Microstructural Examination

Mechanical Testing | Metal Technology Engineering

MICROSTRUCTURAL ANALYSIS

The microstructure of a material can have a significant influence on its physical properties including corrosion resistance, strength, toughness, ductility, and hardness. These properties help determine how the material will perform in a given application.

Various steel microstructures are shown on the left 

Microstructural analysis is used extensively in failure investigations and supplements material performance tests such as environmental degradation studies and welding qualification testing. We routinely section and examine materials to understand their building blocks, from simple grain size to complex structures of a broad spectrum of metals. This understanding helps identify potential problems and gives insight into the effects of the various processes that we carry out at MTE on a material’s microstructure. Conventional metallographic techniques are used to prepare specimens for microstructural analysis using a research-grade optical microscope.

FRACTOGRAPHY

Fracture surfaces can reveal specific information about the conditions and cause of a fracture. An examination can determine information such as the location and nature of flaws including material or manufacturing defects, the crack initiation site and direction of propagation, and the type of stress and load direction that were applied. This information is fundamental to determining the cause of the fracture as part of a failure analysis

METALLOGRAPHY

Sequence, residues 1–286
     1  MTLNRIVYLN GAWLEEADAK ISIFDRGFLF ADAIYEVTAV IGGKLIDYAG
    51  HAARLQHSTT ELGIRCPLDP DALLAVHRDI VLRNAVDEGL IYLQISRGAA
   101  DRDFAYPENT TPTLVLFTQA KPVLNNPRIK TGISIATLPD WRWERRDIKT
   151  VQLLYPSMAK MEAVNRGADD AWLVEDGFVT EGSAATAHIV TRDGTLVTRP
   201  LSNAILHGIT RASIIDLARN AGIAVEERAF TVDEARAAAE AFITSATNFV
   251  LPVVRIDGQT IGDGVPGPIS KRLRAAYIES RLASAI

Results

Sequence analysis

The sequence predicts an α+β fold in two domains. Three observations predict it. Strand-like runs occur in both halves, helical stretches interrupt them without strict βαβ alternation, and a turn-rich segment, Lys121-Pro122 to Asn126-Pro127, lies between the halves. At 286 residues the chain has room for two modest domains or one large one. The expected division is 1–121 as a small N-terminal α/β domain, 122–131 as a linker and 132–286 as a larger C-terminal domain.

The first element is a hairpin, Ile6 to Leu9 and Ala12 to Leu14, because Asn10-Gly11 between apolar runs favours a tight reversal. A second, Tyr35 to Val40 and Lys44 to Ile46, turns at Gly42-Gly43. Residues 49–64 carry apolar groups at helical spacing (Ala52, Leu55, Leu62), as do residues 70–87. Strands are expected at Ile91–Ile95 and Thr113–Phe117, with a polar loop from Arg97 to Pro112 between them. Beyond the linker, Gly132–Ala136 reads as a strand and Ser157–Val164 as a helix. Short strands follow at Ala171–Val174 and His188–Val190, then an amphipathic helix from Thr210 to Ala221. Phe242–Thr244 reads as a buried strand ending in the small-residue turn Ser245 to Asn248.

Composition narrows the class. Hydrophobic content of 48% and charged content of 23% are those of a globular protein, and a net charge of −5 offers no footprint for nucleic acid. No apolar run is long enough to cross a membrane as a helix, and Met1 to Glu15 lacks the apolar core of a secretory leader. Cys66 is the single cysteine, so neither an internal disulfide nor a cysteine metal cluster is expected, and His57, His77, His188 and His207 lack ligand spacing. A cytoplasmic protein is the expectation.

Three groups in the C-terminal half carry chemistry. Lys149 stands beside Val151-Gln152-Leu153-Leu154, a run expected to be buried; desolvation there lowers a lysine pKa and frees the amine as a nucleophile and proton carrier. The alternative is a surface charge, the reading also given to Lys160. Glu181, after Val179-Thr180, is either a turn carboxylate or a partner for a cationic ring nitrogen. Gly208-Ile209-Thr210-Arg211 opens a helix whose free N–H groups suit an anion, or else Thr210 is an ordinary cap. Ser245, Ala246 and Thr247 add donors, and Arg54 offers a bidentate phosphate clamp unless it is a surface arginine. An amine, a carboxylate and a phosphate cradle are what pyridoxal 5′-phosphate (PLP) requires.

In support of failure analysis and materials evaluation, metallographic examination of the constitution and structure of metals and alloys can detect material microstructures, flaws, and abnormalities, which may be critical to determining metal failure and preventing future failures. Often a critical tool for characterizing the extent of pits and cracks in metal material, metallographic examination can also detect changes to metals due to welding, machining, heat treating, chemical exposure, environmental effects, etc.

PERFORMING A MICROSTRUCTURAL EXAMINATION

Examination of the microstructure of a material provides information used to determine if the structural parameters are within certain specifications. The analysis results are used as a criterion for acceptance or rejection.

Microstructural examination is generally performed using optical or scanning electron microscopes to magnify features of the material under analysis. The amount or size of these features can be measured and quantified and compared to acceptance criteria. These examinations are often used in failure analysis to help identify the type of material in question and determine if the material received the proper processing treatments.

Metallurgical examinations may evaluate:

  • Extent of decarburization and carburization, grain size, intergranular attack or corrosion
  • Depth of case in carburizing alloys
  • Percent spheroidization
  • Inclusion ratings
  • Volume fraction of various phases or second phase particles in metals
Mechanical Testing | Metal Technology Engineering

SAMPLE PREPARATION

In order to identify and evaluate the microstructure of material, it is important to prepare the test sample carefully and properly. The various steps in sample preparation for microstructural examination include:

  • Selecting a representative sample of the materials
  • Sectioning the sample to avoid altering or destroying the microstructure.
  • Mounting the section without damage to the test sample
  • Grinding to achieve a flat sample with a minimum amount of damage to the sample surface.
  • Polishing the mounted and ground sample to a mirror finish